Remember when Fiat Chrysler Automobiles closed the Walter P. Chrysler Museum on their Auburn Hills, Michigan campus? The biggest question that came out of the closure of this center of automotive history was the disposition of the collection curated at the museum. There was a lot of historical vehicles in this collection that not only needed a home – but needed to be preserved by the company.
Around the same time, another closure was announced. It was FCA's Conner Avenue facility. This was the production facility of the Viper, which was being phased out due to low demand for the Dodge/SRT front engine/rear drive supercar.
It seemed serendipitous that the two closures would become intertwined with the future of both the historic collection and the Conner Avenue facility. FCA announced that its 400-vehicle historic collection will be relocated to the Conner Avenue plant as a meeting and display space for the company. FCA stated they will use 99,000 of the total 400,000 square feet of space at the former assembly plant, including collection storage and meeting space. They hinted that it would be open to the public at a later date.
In the meantime, FCA would auction off a 1,800-piece collection of Viper memorabilia to benefit the United Way of Southeastern Michigan. Maybe to make space for the new collection?
I applaud FCA's decision to retain the Conner Avenue space for its historic collection. This is a great move for a location that holds historic value to the company. Conner Avenue gave us the Viper – a symbol of what Chrysler can do with an imagination and gumption. The rechristened Conner Center should be a place that honors this tradition through its extensive archives and collection.
There is one thing that concerns me. It is a very precious collection. It had been seen by the public before at the Walter P. Chrysler Museum space. With the eventuality that it would be open to the public, the question arises as to how it should do so.
It is not unusual for the industry to have closed or very limited access to key facilities and archives to the public at large. In Warren, Michigan, General Motors has its Heritage Center, where they have their own historic vehicle collection and archives in a location that is not open to the public. You can visit with a sponsor from the company or by appointment. But, the public could not simply show up and see what's inside.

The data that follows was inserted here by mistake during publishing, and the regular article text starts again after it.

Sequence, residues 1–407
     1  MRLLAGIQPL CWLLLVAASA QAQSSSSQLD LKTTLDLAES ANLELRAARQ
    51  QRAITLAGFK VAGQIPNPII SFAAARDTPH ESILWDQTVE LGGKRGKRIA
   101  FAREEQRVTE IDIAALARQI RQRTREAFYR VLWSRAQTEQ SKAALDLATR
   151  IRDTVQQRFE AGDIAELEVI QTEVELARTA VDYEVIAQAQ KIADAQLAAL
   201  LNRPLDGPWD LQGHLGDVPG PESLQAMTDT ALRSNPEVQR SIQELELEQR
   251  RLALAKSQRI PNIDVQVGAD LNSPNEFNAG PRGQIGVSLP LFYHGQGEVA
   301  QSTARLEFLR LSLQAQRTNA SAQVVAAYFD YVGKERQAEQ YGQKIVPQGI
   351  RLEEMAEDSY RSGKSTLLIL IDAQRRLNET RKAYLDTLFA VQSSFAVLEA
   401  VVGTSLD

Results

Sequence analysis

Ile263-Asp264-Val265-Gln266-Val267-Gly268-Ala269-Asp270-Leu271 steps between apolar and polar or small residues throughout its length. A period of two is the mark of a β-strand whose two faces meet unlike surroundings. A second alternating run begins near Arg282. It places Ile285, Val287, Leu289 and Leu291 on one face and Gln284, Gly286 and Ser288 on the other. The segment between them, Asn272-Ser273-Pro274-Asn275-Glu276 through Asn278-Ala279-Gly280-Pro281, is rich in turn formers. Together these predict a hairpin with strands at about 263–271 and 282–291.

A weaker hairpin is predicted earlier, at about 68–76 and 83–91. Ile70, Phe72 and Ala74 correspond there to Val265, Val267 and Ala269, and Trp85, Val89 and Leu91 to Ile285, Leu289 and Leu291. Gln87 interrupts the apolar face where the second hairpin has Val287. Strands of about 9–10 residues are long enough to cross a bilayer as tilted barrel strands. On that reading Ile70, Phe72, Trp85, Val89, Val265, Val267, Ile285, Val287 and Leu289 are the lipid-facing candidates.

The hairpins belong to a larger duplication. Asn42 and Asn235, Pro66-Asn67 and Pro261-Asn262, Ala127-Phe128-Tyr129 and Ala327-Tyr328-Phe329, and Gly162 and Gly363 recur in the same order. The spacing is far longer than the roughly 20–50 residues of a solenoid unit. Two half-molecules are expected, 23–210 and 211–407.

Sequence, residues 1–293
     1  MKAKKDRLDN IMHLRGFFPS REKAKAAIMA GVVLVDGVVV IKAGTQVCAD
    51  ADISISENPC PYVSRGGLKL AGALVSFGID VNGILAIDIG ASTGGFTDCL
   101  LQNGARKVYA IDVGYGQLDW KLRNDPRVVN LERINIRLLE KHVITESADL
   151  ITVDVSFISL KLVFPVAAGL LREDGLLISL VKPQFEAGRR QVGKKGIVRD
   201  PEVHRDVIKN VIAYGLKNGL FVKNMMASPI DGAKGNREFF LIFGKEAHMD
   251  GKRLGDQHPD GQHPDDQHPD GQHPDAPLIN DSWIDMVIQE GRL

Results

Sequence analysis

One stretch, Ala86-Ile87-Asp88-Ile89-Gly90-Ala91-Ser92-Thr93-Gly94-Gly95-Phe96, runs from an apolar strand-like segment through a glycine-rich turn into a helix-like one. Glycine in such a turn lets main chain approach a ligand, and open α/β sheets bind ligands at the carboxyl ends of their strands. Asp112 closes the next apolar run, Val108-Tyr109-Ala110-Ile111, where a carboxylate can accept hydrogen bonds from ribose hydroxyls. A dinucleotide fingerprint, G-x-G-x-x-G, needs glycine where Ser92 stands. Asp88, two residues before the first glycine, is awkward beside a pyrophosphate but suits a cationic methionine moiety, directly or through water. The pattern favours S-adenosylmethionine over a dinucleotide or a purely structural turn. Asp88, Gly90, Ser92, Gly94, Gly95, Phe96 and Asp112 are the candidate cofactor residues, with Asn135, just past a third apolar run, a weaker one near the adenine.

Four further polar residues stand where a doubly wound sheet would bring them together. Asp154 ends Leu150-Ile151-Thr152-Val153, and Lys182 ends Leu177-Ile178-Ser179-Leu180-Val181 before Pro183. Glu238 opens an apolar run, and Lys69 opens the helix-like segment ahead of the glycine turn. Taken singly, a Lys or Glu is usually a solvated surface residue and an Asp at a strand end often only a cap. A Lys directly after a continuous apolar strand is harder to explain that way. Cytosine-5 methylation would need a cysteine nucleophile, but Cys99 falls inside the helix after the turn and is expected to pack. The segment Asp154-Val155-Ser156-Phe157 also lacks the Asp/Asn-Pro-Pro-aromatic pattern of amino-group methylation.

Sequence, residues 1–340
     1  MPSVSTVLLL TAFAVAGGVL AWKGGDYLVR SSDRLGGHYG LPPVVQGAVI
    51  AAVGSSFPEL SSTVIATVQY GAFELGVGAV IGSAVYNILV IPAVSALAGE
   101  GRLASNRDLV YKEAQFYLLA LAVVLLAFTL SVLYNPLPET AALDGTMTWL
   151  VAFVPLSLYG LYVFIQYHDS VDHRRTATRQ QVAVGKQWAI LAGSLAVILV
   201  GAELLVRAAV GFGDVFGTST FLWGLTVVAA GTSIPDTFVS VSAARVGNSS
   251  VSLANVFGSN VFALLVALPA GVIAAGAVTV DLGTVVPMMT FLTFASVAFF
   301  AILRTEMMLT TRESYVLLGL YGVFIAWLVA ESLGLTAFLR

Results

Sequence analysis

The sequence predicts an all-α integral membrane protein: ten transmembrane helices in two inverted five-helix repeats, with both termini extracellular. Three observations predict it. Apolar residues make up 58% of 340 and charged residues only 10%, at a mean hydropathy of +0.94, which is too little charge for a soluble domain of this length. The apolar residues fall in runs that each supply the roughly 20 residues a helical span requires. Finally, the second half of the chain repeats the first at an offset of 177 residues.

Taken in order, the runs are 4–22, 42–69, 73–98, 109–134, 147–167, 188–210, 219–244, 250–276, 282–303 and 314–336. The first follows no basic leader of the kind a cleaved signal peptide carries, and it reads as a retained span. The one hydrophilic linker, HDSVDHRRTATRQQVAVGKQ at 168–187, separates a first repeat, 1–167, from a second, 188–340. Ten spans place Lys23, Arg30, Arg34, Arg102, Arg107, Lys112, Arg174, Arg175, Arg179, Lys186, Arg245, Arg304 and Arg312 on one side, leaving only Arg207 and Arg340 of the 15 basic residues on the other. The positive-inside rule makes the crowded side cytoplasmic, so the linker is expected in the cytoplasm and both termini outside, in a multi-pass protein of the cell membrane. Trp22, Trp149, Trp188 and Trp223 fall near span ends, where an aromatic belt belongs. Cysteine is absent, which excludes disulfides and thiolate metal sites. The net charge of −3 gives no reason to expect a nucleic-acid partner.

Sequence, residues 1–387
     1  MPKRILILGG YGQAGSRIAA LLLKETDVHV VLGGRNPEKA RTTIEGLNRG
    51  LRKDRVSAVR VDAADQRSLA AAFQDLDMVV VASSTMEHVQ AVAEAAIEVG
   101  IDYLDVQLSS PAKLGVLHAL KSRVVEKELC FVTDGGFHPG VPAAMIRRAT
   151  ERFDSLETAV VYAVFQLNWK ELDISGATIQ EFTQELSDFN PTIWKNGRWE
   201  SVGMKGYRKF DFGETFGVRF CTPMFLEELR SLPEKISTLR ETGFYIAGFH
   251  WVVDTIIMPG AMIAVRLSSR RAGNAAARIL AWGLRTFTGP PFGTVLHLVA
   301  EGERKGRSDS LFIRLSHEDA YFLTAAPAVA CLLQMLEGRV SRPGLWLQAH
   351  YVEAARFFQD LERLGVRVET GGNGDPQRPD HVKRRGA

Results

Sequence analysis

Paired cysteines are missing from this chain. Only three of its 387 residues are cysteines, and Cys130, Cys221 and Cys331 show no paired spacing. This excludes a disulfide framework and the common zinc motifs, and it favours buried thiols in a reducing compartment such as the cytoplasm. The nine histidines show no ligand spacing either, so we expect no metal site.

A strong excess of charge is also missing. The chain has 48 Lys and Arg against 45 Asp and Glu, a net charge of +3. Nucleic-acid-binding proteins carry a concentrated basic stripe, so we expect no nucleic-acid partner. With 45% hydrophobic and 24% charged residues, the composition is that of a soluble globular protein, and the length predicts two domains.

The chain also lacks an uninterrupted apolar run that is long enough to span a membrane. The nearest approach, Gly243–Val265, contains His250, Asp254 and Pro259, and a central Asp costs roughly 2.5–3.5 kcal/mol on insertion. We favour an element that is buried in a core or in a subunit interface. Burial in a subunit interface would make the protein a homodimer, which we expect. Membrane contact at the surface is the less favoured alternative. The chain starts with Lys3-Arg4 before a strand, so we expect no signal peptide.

This is also true for Toyota's and Honda's collection and archives in the USA. Honda has their USA collection near their Torrance, California headquarters. You have to contact them to gain entry, but make sure you have a purpose in doing so.
Could there be a chance that FCA's Conner Center could be open by request to enthusiasts, automotive historians, and the media? There could be. Yet, I would like to advocate that FCA should have the Conner Center open to the public for the collection to be seen by a specific group of patrons.
There is a deeply loyal enthusiast and customer base for FCA's products – Moparians, to be exact. There is the possibility of engaging events, including the annual car show put on by the Chrysler Employees Motorsports Association. These groups would benefit from an open Conner Center as a space to be engaged with the company – in the city of Detroit.
That last phrase is extremely important. The Conner Center is in the northeast part of Detroit, bordering on the city of Warren along 8 Mile Road. In fact, FCA's Warren Truck Plant is about over a mile away from Conner Center. The neighborhood is not all that great and could be seen as unsafe for some folks, but there is an opportunity to do something special in that part of Detroit. There is access to Interstate 75 which leads up to FCA's main campus in Auburn Hills, as well as Interstates 94 and 696, along with Woodward Avenue.
I know that "urban renewal" is a bad phrase, as is "gentrification." However, FCA has a golden opportunity to rekindle the area where Conner meets 8 Mile Road. How? Delicately to not upset the residents and businesses surrounding the facility. It also takes the city of Detroit to guide the process of putting the Conner Center on the map for the Mopar faithful.
Plus, it is the neighborhood where a certain Hip-Hop star named Marshall Mathers grew up.
While some may be skeptical about the community impact around Bel Air Center on 8 Mile Road and the plant space, it would take further engagement with the cities of Detroit and Warren, Wayne and Oakland counties, and FCA to make this a destination that is safe and involved with the community at large. The economic impact should be something to consider. It could have a positive effect on those neighborhoods around the Conner Center.
Then again, Detroiters heard this song-and-dance before.
First things first, secure the 99,000 square feet for your initial purpose as stated to the public. Then figure out what to do inside and out for the rest of us at a later date. No matter what you come up with, the Moparians will come. Trust me on this one, FCA.